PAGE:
At Croft-Leominster, making money for clients is a family affair.
The Baltimore-based money management firm was founded in 1989 by Gordon Croft, a veteran T. Rowe Price
(TROW) analyst and fund manager, and his son, Kent. Another son, Russell, joined the firm in 1998. The shop now has $650 million in assets under management.
Russell Croft, 35, tells us that much of what he learned as a professional investor didn’t come from studying for his MBA or working for other money managers. Instead, he says he owes a big debt to his dad.
“I’ve learned a ton from him, especially about how to invest like a contrarian,” he tells us. “He has taught me how to stick your nose in places where no one else wants to go. From him, I learned how to take a stand when others have given up on companies.”
Croft, along with his dad and older brother, runs the Croft Value Fund
(CLVFX), a small fund that continues to make a big impact. They use a bottom-up approach to hunt for shunned stocks of different market capitalization across various industries selling at depressed prices.
The go-anywhere approach works.
Through December 2, the fund’s 10-year annualized return of 5.11% leads the S&P 500
by 5.70 percentage points and bests its Morningstar rivals by 5.87 percentage points, placing it in the top 5% of its category.
Morningstar awards the fund five stars, its highest rating. The no-load fund, with $140 million in assets, has an expense ratio of 1.46%, and requires a minimum investment of $2,000.
Recently, we chatted with the youngest Croft, who walked us through the team’s investment strategy and its top picks right now -- like Valmont Industries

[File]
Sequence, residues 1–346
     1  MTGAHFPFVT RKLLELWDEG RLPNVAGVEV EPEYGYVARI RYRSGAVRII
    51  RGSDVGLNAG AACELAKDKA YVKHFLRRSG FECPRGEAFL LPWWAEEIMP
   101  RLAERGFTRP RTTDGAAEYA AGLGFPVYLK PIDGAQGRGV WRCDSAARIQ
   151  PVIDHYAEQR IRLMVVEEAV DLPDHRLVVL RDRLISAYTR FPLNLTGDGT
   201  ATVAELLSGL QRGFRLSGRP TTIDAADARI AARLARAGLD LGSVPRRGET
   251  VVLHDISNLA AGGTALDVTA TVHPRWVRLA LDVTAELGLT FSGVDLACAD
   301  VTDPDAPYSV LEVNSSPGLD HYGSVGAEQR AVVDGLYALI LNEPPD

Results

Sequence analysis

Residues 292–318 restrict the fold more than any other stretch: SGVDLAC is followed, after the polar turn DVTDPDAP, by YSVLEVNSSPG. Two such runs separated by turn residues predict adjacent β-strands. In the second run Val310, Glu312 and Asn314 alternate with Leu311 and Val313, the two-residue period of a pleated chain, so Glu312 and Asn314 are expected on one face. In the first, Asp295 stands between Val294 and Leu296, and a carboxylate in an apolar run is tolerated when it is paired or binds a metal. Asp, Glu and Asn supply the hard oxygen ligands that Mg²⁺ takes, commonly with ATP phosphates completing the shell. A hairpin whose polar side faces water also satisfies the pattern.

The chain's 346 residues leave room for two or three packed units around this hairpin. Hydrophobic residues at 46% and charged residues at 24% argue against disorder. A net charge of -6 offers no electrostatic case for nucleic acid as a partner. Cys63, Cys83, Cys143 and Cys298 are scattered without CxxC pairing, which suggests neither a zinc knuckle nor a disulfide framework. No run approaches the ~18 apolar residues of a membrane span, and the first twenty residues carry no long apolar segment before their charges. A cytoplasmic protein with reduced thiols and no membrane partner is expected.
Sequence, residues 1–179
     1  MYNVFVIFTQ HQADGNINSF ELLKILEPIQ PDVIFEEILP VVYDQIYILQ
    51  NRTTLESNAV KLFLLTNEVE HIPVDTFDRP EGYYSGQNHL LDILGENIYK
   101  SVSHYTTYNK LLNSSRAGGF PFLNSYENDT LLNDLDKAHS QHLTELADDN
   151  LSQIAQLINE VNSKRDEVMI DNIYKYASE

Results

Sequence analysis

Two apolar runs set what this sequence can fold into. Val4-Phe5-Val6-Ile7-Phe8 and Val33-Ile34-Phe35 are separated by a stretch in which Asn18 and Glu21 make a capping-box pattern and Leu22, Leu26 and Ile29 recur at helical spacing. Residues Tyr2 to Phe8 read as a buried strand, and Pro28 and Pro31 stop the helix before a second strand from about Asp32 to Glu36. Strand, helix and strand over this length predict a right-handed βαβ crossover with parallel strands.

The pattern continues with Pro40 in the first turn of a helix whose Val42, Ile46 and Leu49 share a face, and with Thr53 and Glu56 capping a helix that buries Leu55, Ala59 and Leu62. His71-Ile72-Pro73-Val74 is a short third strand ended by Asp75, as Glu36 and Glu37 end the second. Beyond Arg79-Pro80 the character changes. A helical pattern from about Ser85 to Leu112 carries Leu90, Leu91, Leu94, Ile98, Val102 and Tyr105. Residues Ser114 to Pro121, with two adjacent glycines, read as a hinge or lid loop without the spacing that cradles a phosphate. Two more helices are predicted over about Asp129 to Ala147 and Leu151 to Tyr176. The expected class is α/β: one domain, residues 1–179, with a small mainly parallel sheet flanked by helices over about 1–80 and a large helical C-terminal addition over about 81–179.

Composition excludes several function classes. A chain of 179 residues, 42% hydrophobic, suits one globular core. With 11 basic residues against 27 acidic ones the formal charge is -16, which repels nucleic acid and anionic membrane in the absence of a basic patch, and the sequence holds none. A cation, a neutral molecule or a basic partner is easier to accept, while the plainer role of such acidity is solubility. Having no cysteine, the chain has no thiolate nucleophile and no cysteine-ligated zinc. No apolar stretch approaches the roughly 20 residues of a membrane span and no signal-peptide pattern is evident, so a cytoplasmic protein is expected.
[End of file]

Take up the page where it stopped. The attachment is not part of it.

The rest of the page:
(VMI), Foster Wheeler
(FWLT), and Freeport-McMoRan Copper & Gold
Where do you find investment ideas?Russell Croft:
We are all generalists here and we’re very flexible in where we look for opportunities. We want to find good, long-term investments. So we get research from Wall Street, independent providers, and a network of deep thinkers we trade ideas with. That is where we get our idea flow. Then, of course, you have to start to cut all that data down.
How do you do that?Croft:
For us, it’s all about valuation. This is where we take our first slash at choosing companies. We look for contrarian ideas, the out-of-favor, beaten-down stuff. We look to the names that Wall Street has given up on. You can make good money when people run the other way.Minyanville:
What else do you look for?Croft:
We also look at names with catalysts, where we think a driver is being missed by the market. Thirdly, we like companies that are too cheap compared to their growth rates. Minyanville:
When looking for bargains, how do you distinguish between trash and treasure? Sometimes a stock is cheap because it deserves to be.Croft:
Yes, that is one of the harder things to do. A lot of times the herd can be right. So it comes down to our own analysis.
A company could have a bad quarter but we know how hard it is for companies to manage, especially in this environment, quarter to quarter. Maybe a company misses by a couple pennies and the momentum guys bash the stock. That can be a good entry point for us.
So there is no cut-and-dry answer to your question. It comes down to us figuring out which companies are down for the wrong reasons. If it’s a contrarian name, we might be nibbling at first and then building more over time.Minyanville:
Is there an example of one where you have been nibbling?Croft:
Well, this is no longer a glaring contrarian pick, but we do like Lowe’s
(LOW). The company has taken about three points of market share over the past couple years. The ma-and-pa stores are having trouble. Lowe's is taking advantage of it. You are getting a top-quality company at a depressed earnings level here. We think it will prove a good holding for the next three to five years.Minyanville:
You don’t limit yourself by market capitalization. What is the advantage of such a go-anywhere approach?Croft: